PhD American Studies, Harvard University, 2021
Dissertation: “Redefining Residency: Black Environmental Thought in New Orleans, 1929-1998”
Allison Puglisi, the Carol G. Lederer Postdoctoral Fellow, is a historian of Black social movements with a focus on gender, urban space, and the environment. She received her PhD in American Studies from Harvard in 2021, with a secondary certificate in Women, Gender, and Sexuality studies. Her current project explores how twentieth-century Black New Orleanians—particularly women activists—contended with environmental issues and theorized their own relationships to nature.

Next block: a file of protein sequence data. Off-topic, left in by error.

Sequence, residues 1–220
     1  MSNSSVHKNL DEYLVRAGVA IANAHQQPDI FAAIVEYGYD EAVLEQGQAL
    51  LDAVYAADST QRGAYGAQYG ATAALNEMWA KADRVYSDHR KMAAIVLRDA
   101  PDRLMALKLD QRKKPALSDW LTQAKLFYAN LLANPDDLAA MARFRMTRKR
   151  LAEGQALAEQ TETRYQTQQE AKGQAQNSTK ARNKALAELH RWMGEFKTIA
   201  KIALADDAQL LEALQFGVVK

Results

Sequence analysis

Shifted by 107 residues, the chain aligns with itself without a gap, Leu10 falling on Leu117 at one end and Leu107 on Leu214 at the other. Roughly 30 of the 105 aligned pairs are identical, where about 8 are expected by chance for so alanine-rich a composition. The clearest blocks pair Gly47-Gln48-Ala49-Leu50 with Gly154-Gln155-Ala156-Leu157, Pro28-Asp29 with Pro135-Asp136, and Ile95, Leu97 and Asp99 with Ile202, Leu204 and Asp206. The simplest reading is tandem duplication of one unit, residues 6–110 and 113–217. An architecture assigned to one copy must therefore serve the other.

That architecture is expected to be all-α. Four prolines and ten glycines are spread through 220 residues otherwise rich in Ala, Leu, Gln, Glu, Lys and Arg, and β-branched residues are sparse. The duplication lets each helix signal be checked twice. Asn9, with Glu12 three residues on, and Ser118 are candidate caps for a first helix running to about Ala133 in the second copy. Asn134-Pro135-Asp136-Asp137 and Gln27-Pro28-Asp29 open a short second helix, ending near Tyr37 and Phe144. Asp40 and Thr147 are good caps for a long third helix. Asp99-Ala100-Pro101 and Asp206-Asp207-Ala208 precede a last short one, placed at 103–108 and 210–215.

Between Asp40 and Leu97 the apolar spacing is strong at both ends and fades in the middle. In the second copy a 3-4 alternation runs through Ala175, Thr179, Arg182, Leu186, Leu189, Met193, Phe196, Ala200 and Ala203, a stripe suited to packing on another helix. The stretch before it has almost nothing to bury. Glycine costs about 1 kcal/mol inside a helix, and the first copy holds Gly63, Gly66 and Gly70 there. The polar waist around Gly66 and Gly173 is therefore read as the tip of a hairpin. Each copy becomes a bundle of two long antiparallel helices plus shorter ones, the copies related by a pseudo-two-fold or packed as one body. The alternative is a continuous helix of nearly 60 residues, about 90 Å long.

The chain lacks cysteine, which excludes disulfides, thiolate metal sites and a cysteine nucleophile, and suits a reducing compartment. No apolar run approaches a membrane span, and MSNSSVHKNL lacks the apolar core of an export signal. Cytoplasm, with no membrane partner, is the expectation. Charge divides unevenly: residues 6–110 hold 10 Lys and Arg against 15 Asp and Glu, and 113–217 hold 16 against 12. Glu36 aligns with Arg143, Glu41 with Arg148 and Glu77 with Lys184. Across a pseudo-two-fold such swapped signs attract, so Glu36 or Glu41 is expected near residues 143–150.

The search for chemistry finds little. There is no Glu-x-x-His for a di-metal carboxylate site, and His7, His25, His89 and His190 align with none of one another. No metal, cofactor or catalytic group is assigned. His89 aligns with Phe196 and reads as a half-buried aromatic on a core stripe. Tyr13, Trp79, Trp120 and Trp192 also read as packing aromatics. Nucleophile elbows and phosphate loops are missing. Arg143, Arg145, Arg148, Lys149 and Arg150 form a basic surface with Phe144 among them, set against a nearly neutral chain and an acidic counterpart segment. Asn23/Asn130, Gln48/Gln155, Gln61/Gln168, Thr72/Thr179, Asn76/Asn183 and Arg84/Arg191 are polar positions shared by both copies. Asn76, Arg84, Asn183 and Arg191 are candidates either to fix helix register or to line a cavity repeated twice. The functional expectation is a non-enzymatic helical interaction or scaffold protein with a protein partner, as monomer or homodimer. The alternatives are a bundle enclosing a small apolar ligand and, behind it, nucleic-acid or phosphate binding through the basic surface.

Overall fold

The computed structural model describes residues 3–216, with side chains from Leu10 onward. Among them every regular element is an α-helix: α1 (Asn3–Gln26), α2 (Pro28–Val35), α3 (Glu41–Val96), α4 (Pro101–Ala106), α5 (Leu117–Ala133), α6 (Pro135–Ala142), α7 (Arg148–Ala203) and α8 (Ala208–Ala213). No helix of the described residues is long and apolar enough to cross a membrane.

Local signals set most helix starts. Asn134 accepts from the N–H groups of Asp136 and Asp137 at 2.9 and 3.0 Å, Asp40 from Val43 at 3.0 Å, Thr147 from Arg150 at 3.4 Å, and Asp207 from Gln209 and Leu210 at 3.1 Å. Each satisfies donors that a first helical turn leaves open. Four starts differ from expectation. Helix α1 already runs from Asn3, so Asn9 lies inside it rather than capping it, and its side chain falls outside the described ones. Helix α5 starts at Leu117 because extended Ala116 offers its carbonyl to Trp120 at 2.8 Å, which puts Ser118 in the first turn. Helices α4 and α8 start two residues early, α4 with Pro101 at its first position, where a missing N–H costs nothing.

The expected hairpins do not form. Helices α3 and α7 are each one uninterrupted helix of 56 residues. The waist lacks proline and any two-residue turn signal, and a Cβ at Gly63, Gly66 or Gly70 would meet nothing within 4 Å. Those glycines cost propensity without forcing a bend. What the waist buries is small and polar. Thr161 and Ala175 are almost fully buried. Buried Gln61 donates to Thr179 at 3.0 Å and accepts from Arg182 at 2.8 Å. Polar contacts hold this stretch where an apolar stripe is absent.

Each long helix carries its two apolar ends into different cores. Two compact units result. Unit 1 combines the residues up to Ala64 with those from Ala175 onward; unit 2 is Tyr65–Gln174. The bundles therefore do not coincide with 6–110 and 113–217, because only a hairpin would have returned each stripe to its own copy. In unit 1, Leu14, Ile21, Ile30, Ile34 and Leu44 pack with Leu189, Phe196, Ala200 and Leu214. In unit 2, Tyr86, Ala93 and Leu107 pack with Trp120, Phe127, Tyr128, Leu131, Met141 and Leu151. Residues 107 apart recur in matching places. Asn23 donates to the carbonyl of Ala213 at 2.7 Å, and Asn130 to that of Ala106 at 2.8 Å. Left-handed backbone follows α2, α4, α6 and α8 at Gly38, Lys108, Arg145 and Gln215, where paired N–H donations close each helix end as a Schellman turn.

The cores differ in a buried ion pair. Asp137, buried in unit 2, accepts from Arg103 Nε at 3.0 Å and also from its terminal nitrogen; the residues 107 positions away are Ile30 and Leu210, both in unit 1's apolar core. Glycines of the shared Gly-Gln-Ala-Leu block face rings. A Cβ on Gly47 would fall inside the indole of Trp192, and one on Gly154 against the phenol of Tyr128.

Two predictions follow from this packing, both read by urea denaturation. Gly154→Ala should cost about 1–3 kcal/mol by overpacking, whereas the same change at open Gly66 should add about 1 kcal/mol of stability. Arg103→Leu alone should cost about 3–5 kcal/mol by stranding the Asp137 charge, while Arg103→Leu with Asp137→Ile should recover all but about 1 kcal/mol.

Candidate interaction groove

In the spring of 2022, Dr. Puglisi is teaching the GNSS course "Black on Earth: Race, Gender, and the Environment." This seminar operates on the notion that white supremacy and environmental degradation are historically related—and that Black Americans have long confronted the two together. In this course, we will interrogate how different Black thinkers and activists have done so, from the Antebellum period to the present day. We will begin by considering how enslaved people drew from nature in their resistance to slavery and the Middle Passage. We will investigate the role of pollution, toxics, environmental disasters, gentrification, and more in the formation of a twentieth-century Black radical tradition. We will identify its constituent strands—feminism, communism, nationalism, and more—and their respective visions of liberation. Toward the end of the course, students will explore the environmental justice movement and Black-led responses to climate change.